For the uninitiated, over-under cycling workouts involve repeated short periods above threshold power interspersed with short periods below threshold power. They can be one of the toughest indoor cycling sessions – often more so than simply riding at threshold! But why is that? Cycling coach James Spragg explains what’s going on in the body that makes them so hard.
Sports scientist and coach James Spragg is one of the experts who will be answering your questions in Cycling Weekly’s ASK A CYCLING COACH series which comes out every Wednesday. Working both in research and applied settings, he currently runs Intercept Performance Consultancy . What happens when we ride above threshold?
Have you ever wondered why, from a physiological point of view – there is a threshold power? Why can’t we just produce more power?! Well, there are a few reasons; physiological processes that occur when riding above threshold power and not below it.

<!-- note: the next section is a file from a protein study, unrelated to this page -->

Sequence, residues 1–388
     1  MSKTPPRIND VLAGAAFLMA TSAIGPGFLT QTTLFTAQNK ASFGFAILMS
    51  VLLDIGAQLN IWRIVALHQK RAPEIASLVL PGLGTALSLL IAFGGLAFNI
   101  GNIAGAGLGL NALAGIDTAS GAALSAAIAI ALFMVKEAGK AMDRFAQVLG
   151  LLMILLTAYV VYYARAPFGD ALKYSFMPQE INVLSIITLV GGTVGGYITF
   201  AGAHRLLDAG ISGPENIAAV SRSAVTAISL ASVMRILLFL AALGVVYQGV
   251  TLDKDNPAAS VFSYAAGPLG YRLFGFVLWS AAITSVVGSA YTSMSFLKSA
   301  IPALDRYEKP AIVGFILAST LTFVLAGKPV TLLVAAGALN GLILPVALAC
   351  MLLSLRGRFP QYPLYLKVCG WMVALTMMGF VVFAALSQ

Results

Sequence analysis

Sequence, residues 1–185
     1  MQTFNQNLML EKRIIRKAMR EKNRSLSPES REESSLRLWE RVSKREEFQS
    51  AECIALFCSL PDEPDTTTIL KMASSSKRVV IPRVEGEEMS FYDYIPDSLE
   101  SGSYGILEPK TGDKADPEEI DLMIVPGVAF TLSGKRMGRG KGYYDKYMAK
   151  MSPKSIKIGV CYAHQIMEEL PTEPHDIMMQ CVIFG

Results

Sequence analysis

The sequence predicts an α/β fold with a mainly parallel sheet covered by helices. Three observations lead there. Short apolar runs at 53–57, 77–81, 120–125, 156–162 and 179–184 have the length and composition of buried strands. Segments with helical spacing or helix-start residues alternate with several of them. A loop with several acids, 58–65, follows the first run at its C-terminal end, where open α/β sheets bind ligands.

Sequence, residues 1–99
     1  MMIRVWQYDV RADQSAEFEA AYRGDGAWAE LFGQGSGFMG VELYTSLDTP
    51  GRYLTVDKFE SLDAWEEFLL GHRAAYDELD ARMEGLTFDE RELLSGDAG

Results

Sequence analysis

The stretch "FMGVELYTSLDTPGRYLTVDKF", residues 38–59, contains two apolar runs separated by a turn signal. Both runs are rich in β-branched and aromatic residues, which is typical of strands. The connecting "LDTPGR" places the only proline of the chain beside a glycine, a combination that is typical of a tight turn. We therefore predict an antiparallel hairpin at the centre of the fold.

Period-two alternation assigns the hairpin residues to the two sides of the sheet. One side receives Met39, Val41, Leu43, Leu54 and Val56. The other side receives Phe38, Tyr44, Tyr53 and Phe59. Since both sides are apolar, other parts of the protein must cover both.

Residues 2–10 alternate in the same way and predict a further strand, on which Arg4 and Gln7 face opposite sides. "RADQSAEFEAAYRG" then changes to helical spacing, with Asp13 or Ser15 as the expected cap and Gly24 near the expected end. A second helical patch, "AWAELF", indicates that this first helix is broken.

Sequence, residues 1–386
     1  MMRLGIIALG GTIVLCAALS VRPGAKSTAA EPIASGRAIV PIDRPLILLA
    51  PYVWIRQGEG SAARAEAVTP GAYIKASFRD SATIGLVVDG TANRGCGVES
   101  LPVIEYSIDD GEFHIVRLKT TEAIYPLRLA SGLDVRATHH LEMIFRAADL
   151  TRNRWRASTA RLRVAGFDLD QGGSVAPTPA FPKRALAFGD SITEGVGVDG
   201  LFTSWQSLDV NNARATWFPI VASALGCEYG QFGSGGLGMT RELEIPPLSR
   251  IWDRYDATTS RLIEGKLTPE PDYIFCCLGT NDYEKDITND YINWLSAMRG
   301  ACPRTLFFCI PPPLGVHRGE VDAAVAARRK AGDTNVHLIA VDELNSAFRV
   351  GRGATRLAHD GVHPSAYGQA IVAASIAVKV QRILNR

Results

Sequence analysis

Whenever we exercise there are changes that happen in the working muscles. Certain substances are broken down and as a result, new substances appear. These substances are known as metabolites – they include hydrogen ions (H+), inorganic phosphate (Pi), and potassium ions (K+) and a few others. These metabolites, above certain concentrations, affect how efficiently the muscle cells function. Therefore, our bodies are quite good at processing them; but they can only be processed at a fixed rate. If we exercise hard then we produce them at a faster rate than they can be processed, and the […]